The Pittsburgh Steelers are looking to rebound from a tough 2012 season in which they missed the playoffs and finished third in the AFC North. The Steelers should look to extend the contract of their offensive and defensive superstars: Ben Roethlisberger and Troy Polamalu.This video is no longer available. Click here to watch more NBC Sports videos!
PFT Live: Steelers need to lock up Roethlisberger, Polamalu
A proposed deal to move the Raiders to Las Vegas will only happen if the Nevada state legislature approves public funding to build a stadium. And a new poll suggests that the legislators’ constituents may not be on board with that.
A KTNV-Rasmussen Reports poll asked likely voters, “Do you favor or oppose the use of up to $500 million in state taxpayer money to help finance a stadium that would bring the NFL’s Raiders franchise to Las Vegas?”
The result was that 60 percent of Nevada voters opposed the idea, and only 28 percent supported it. The stadium proposal did better among residents of Clark County, where Las Vegas is, but only a little better: 55 percent opposed the plan, while 35 percent supported it.
It’s important to note, however, that the wording of the poll could have had an effect on the results: The question didn’t make clear that the proposal is for a tax on hotel rooms to finance the stadium, which means the money would largely be coming from people outside the state.
“The survey question leaves out critical information,” said Las Vegas Sands executive Andy Abboud, one of the proponents of the stadium. “Specifically, the public funding would come from an increase in the hotel tax, which is predominantly paid by those visiting Clark County, not its residents.”
Nonetheless, hotel tax dollars that go toward a stadium are still tax dollars that go toward a stadium. And most Nevada residents are skeptical of that.
Nearly a decade ago, the NFL crafted a policy aimed at promoting good player behavior by requiring teams to surrender a portion of a suspended player’s lost salary as a fine, if multiple players are suspended in a given year.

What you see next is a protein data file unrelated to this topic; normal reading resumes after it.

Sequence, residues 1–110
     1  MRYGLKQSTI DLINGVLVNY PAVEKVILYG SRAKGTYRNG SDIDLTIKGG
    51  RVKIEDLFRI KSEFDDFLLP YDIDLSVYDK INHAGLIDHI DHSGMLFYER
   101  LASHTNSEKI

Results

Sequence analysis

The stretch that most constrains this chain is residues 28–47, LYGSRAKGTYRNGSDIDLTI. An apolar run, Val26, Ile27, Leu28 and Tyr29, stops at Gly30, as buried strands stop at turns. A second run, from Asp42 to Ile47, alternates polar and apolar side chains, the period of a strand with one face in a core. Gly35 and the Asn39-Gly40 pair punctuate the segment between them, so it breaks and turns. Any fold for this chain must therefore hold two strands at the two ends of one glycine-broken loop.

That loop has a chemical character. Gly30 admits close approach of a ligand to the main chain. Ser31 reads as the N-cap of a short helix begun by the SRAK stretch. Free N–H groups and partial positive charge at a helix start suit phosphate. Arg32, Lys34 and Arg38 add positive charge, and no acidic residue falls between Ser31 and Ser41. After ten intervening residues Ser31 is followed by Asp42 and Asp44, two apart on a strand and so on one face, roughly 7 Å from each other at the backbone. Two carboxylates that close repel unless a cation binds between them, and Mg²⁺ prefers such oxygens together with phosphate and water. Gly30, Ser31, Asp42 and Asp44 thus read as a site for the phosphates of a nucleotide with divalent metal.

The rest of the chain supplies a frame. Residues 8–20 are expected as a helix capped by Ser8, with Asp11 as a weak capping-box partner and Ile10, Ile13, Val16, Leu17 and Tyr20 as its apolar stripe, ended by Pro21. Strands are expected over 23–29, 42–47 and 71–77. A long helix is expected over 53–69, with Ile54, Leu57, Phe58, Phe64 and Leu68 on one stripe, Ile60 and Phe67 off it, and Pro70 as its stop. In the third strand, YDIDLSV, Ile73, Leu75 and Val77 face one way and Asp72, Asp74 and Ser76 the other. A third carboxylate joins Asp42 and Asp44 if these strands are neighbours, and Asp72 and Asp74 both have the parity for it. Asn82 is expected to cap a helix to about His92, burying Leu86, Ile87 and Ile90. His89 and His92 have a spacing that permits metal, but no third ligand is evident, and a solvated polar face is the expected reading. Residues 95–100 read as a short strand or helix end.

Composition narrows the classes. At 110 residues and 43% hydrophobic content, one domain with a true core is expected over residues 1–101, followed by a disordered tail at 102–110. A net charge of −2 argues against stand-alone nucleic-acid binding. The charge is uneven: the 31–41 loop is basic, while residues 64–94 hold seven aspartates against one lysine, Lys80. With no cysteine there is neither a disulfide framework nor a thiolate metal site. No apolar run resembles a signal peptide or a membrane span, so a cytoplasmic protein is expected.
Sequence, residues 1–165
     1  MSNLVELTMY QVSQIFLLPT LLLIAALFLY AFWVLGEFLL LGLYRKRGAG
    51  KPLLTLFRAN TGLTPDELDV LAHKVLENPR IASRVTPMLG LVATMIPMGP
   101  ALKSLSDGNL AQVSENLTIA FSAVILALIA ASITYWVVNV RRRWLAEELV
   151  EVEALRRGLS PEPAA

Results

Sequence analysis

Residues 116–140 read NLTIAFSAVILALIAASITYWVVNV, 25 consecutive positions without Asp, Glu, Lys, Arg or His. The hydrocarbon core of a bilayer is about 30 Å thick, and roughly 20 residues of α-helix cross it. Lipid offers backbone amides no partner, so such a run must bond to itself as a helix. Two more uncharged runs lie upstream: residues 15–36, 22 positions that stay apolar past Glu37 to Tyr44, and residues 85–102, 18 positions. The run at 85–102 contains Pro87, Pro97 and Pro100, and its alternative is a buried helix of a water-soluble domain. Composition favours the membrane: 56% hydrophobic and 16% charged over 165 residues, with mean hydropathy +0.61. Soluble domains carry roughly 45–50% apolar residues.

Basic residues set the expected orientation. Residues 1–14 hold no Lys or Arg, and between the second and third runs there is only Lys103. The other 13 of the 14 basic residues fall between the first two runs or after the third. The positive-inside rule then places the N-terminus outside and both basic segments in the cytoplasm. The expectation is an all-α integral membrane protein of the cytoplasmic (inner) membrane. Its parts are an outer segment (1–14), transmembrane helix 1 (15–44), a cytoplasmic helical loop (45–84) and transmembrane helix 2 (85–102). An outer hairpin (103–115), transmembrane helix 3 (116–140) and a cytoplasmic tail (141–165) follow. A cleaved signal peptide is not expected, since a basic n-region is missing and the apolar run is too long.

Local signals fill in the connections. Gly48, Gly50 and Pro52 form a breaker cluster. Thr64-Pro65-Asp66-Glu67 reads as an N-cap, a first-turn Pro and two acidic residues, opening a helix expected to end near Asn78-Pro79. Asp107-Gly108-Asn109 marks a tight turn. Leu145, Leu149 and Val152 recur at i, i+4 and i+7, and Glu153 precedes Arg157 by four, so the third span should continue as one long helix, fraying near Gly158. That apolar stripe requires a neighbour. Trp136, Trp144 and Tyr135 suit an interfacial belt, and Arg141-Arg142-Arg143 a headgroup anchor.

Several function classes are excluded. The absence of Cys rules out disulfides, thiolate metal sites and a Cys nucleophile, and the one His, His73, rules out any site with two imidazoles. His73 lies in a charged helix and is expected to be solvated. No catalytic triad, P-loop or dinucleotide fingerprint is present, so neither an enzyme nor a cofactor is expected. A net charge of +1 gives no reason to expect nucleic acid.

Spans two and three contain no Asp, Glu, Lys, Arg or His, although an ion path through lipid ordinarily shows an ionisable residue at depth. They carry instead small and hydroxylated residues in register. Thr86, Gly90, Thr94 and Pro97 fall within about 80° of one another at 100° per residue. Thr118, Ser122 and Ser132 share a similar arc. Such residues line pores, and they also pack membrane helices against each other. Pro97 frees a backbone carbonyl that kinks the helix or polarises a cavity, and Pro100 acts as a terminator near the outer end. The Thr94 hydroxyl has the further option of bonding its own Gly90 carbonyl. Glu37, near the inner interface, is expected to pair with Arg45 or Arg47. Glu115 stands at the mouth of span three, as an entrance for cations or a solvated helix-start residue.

In 2013, the then-five-year-old policy likely cost the Seahawks more than $60,000 for a trio of suspensions to offensive lineman Allen Barbre, safety Winston Guy, and cornerback Brandon Browner. The Rams likely faced a similar problem in 2013, due to multiple player suspensions.
As noted by Adam Schefter of ESPN.com, the policy that was first applied to the Cowboys in 2008 will be applied to them again, given the suspensions of Randy Gregory, Demarcus Lawrence, and Rolando McClain. The policy as currently written requires in the event of three suspensions the payment of 25 percent of the collective forfeited base salary to the league, with a maximum payment of $250,000.
With Gregory due to make $608,406 in 2016, Lawrence on the books this year for $920,604, and McClain owed $1.25 million, the Cowboys easily got to the $250,000 ceiling. (Absent the limit, they would have owed 25 percent of $1.095 million, or $273,750.) If another player is suspended, the Cowboys will be required to cough up a full third of the lost wages for each suspended player.
The Steelers could be facing a similar problem, with the full-season suspension of Martavis Bryant and the looming suspension of running back Le’Veon Bell. The policy requires the forfeiture of 15 percent of the lost salary when two players are suspended. With Bryant due to make $600,000 this year (he’ll lose all of it) and Bell slated to earn $966,900 (he’ll lose $235,294 if the suspension is upheld), 15 percent of the lost salary equates to $125,294.